Typically based on 4 x 3-hour sessions for online delivery.
For questions or customisation requests contact: firstname.lastname@example.org
Course objectives – is this for you?
This course is a time-efficient and accessible examination of the factors that need to be considered when connecting hydrogen production to low-carbon power generation (including both renewables and nuclear).
It addresses questions around capacity sizing, the value (or not) of flexible operation, electricity and hydrogen costs, and project deployment viability. In addition to the direct integration of hydrogen production with dedicated renewable power, it will also assess how this option stacks up against ‘virtual’ integration (buying power through the grid).
The course explains the crucial technical, economic and market context considerations, illustrating key concepts with both market trend data and simple, Excel-based calculations and models (which will be provided to attendees).
Unlike many hydrogen-focused courses, this one will approach the subject very much from the clean power producer’s perspective too; asking why, when and how it might make sense to consider integrating hydrogen production into new or existing projects.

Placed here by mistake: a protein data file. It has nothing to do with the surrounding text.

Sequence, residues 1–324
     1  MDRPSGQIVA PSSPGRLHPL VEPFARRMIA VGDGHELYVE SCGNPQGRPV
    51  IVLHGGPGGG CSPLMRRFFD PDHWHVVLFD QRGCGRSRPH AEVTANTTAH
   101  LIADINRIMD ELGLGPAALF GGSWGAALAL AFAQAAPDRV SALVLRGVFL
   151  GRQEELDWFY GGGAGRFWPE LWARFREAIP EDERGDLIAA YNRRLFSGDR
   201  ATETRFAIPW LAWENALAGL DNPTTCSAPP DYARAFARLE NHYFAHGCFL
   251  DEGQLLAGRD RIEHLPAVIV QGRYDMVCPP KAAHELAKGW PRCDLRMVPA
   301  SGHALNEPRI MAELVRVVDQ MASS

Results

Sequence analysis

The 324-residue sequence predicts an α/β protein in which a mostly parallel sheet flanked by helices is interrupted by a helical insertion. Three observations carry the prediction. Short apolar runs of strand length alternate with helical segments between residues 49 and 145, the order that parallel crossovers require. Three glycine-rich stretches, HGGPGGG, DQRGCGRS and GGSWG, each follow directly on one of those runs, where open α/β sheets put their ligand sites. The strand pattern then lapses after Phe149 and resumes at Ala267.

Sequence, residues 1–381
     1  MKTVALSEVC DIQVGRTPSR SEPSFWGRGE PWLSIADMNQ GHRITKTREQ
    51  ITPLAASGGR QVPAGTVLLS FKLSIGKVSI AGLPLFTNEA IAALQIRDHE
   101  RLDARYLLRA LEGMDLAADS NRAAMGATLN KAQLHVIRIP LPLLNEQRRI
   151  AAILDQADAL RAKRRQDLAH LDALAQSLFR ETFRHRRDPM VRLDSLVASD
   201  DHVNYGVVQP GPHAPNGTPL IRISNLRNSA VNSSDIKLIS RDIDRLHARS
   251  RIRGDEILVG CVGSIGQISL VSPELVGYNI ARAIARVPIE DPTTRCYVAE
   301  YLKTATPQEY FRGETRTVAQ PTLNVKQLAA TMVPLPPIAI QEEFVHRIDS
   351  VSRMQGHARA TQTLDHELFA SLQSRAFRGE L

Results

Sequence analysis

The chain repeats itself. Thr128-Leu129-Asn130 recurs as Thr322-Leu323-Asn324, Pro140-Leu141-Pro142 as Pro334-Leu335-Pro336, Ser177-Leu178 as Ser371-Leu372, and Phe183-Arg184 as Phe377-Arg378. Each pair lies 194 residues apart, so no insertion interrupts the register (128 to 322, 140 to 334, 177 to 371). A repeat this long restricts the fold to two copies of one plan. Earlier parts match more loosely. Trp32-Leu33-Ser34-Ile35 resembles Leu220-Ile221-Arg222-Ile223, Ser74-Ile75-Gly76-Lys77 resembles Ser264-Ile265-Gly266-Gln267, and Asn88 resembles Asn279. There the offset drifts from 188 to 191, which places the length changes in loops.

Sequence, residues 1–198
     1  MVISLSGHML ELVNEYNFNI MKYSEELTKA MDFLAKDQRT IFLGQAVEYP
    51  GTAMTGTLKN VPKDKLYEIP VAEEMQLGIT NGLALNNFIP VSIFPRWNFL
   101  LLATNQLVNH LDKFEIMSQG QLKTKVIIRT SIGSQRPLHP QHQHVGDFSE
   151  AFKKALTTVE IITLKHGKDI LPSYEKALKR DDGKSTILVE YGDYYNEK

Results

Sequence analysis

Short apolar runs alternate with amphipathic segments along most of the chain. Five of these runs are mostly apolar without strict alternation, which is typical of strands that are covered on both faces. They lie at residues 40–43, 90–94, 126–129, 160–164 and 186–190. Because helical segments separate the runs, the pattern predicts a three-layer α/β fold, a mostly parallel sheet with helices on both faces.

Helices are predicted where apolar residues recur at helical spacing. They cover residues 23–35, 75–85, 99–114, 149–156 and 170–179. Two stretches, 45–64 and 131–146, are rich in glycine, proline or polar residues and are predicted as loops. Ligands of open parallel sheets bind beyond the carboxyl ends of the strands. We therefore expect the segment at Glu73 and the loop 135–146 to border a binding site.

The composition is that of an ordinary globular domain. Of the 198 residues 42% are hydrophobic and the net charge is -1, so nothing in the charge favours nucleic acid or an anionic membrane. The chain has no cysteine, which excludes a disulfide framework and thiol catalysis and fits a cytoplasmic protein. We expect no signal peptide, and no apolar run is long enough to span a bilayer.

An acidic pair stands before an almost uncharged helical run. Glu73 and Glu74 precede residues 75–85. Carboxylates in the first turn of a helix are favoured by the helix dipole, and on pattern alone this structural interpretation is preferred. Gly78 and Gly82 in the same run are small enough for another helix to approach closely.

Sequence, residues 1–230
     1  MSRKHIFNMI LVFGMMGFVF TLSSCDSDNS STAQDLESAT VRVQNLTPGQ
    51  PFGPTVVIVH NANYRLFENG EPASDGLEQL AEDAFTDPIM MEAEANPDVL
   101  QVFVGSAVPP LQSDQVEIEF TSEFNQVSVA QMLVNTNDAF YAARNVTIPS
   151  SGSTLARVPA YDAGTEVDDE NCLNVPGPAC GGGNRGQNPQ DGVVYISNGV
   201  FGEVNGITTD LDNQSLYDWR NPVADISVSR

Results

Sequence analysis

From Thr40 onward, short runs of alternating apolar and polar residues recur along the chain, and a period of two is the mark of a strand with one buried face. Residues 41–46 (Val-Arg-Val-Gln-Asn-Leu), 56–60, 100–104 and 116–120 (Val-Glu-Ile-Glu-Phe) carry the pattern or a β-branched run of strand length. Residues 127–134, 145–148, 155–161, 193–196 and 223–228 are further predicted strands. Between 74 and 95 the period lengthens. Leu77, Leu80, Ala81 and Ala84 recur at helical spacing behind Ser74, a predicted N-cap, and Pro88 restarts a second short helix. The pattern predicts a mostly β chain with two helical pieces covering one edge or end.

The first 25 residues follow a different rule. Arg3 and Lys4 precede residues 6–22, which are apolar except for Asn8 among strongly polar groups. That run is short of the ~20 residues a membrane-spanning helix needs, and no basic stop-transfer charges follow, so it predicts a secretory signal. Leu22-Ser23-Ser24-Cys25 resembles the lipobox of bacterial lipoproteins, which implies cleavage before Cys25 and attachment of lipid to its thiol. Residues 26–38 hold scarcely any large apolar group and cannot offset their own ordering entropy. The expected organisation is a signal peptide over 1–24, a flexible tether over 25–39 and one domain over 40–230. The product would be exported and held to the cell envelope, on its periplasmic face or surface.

Session 1: Technology factors in electrolysers and clean electricity supply
An essential review of the inputs and outputs of electrolyser systems, focusing in particular on electricity input requirements. Plus a clear perspective on the question of 'variability' and the various options, restrictions and delivery factors associated with the multiple potential sources of clean power.
Session 2: The economics of hydrogen production and sources of electricity
A quantitative assessment of the economic of green hydrogen production and the variables that impact production cost, including electricity prices at different operating conditions, the evolving market value of clean power and the impact of grid costs.
Session 3: Sizing electrolysers and clean power capacity
An illustration of the factors which determine the optimum relative sizing of electrolyser and clean power capacities, including the impact of electrolyser operational limits, electricity costs/prices and the hybridisation of electricity supply.
Session 4: Integrating clean power with hydrogen, for large-scale storage and power system flexibility
A discussion of the potential market need, value and business cases for including hydrogen as an essential part of future clean power system flexibility and reliability. Included quantitative illustrations of the interplay between hydrogen and battery storage and addressing issues of efficiency, cost and system economics.
Further inquiries to: email@example.com